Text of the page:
Facts are, the music was composed for a concert for the king as he was entertaining guests on his barge in the Thames river at this later time. Beside the royal barge was that of the orchestra consisting of fifty players. The king was so pleased with the performance that he commanded it to be repeated, not once, but twice, once just before supper and again right after. Today we, in the audience, have good seats on the "royal barge."


 
       
  Praeludium Armas Jaernefelt
(b. 1869)
 
 

Since the recent death of Sibelius, our thoughts run to the Finns and their music. Jaenefelt, born in 1869, an influential conductor and composer of Finland has given us works chiefly in the orchestral area, overtures, symphonic suites and tone poems.

While listening to music it is good to give the mind to specific points of observation and enjoyment. It is suggested here that one follow the many reiterations of the melodic pattern, sol, la, ti, do, with the 'embroidery' of other tone patterns.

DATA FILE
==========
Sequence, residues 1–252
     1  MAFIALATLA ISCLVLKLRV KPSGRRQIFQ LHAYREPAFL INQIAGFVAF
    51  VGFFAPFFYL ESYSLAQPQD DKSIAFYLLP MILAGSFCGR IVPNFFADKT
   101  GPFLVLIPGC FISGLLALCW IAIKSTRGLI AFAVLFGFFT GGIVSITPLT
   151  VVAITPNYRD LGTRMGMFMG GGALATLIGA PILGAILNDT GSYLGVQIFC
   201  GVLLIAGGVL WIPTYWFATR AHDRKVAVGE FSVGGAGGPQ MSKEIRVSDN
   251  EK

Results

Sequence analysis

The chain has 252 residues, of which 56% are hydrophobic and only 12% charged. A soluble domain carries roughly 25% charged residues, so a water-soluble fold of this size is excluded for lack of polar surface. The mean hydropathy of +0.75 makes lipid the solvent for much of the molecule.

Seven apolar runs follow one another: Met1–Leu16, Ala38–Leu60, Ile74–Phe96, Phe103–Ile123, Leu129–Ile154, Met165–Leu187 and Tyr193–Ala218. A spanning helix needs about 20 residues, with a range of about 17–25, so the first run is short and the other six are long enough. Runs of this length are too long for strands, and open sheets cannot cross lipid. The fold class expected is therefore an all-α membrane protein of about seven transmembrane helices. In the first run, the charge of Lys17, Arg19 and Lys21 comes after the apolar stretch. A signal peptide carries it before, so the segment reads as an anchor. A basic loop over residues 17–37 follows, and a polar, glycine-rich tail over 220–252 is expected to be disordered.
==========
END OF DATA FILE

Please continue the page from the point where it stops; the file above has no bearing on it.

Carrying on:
Here's two-minutes-worth of sheer delight.


 
       
  Slavonic Rhapsody No. 2, Op. 269 Carl Friedemann
(1862-1952)
 
 

The title "Slavonic Rhapsody" gives us two clues as to the nature of the composition. A rhapsody is in the general class of fantasie, or fantasy and usggests free imagination and unfettered emotion rather than an intellectual restraint and calmness. But never let it be thought that in the compositions there is lack of order and discipline. Such works are well-planned and logically made but they are intended to sound impromptu.

Add to the foregoing the influence of the Slavic temperament, with its warm-blooded urge for activity and love of freedom shown through the restless rhythms and plentiful accents. Interplay between major and minor tonality as well as key changes load the composition with color. We can anticipate here an invigorating and exciting experience.